Guy Bourdin: Image Maker at Somerset HouseCultureArt
The dramatic arches of Embankment Gallery at Somerset House are the ideal backdrop for a rare glimpse at the iconic work of French photographic genius Guy Bourdin. Featuring over 100 pieces – previously unseen film, sketches and notes – fashion and photography lovers have been flocking to this unique exhibition for months.
Highlights from the display include his infamous Walking Legs series for the legendary Parisian shoemaker Charles Jourdan. Travelling around the UK in 1979 with several pairs of mannequin legs, his partner, their son and an assistant, Bourdin created an astounding collection of pictures charting the unorthodox character journey of the legs wearing various Jourdan designs at iconic British landmarks.
Taking the basic concept of what a fashion photograph is – a medium to sell – Bourdin moved away from convention, shifting focus from simply the product itself to the image as a whole. From one photograph to the next, one’s eye is not merely drawn to a pair of shoes, a lipstick or piece of clothing, but to the entire setting. Sometimes shocking, provocative even, each image charts the rise of Bourdin to master of the enduring fashion shoot.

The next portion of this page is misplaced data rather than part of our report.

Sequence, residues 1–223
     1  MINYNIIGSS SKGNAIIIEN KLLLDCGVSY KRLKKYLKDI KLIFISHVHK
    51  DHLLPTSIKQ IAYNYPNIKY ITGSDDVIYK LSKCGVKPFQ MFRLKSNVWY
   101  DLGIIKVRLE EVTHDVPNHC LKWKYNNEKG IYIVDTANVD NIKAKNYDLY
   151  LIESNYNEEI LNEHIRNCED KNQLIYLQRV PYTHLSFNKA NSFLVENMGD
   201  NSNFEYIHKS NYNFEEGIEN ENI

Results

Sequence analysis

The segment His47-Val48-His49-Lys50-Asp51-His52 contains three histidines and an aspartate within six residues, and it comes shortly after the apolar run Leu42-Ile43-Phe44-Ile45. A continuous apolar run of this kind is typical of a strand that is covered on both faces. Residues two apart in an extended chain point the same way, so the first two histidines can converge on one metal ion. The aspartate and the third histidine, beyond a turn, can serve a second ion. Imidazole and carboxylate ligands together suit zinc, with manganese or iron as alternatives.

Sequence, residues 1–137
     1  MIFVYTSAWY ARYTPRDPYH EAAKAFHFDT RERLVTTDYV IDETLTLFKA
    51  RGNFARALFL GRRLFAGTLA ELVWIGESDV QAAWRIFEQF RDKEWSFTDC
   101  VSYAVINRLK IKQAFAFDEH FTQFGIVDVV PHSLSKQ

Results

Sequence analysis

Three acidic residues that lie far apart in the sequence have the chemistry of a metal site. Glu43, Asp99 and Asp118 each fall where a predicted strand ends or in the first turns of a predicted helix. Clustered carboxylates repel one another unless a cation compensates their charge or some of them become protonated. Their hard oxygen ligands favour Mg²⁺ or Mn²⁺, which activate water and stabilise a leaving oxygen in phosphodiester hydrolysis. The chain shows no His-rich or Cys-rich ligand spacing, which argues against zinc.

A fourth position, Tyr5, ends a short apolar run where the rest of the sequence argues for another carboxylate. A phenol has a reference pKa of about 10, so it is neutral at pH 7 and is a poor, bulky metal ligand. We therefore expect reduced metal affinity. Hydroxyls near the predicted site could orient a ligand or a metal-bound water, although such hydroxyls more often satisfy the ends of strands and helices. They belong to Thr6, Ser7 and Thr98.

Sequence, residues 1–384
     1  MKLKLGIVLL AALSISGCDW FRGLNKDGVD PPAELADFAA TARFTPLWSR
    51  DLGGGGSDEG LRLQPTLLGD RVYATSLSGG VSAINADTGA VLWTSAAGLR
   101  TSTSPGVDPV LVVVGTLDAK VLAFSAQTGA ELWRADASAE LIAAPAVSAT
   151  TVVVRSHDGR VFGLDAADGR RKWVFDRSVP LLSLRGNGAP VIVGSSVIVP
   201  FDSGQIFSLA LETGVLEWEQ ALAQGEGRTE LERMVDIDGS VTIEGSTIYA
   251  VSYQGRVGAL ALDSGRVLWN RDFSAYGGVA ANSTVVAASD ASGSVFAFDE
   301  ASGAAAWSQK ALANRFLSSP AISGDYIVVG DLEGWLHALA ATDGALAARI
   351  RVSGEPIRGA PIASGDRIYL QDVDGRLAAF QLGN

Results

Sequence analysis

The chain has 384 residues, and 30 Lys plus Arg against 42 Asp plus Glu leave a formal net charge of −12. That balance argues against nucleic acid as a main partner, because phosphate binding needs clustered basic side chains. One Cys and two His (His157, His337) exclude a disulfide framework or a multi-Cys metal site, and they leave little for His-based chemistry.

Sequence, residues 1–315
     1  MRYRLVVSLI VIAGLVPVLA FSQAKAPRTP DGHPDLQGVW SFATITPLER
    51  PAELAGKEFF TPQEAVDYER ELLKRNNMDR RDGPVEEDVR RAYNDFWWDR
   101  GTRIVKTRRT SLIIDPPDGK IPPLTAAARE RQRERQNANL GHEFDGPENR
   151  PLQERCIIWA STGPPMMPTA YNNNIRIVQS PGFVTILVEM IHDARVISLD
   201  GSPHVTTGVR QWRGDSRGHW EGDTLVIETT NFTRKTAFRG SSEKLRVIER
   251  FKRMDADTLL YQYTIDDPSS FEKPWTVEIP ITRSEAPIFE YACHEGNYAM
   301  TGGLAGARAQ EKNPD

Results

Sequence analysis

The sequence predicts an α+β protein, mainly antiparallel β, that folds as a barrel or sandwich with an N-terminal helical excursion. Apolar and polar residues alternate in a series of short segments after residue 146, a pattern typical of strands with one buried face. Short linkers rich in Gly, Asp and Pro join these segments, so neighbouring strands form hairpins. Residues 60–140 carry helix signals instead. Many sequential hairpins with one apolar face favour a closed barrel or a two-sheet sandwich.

Striking throughout is Bourdin’s eye for context. Models are pictured in staged settings rather than just simple backgrounds. In a New York hotel he commissioned a giant shoe to use as a prop. His notes and sketches allow wonderful insight into his creative thinking and visualisations for each shoot. We are continually reminded of how he pushed the boundaries of convention, with each photo more daring than the last.
In a pre-digital age, Bourdin achieved extraordinary heights and influenced a new era in fashion photography. This is an absorbing exhibition and a fascinating look at the work of a true maestro. Commanding the gaze of the visitor and remaining in the conscious long after departing, Bourdin’s images are captivating with a lasting impression – no doubt what he always wanted.
Guy Bourdin: Image Maker is at Somerset House until 15th March 2015, for further information visit here.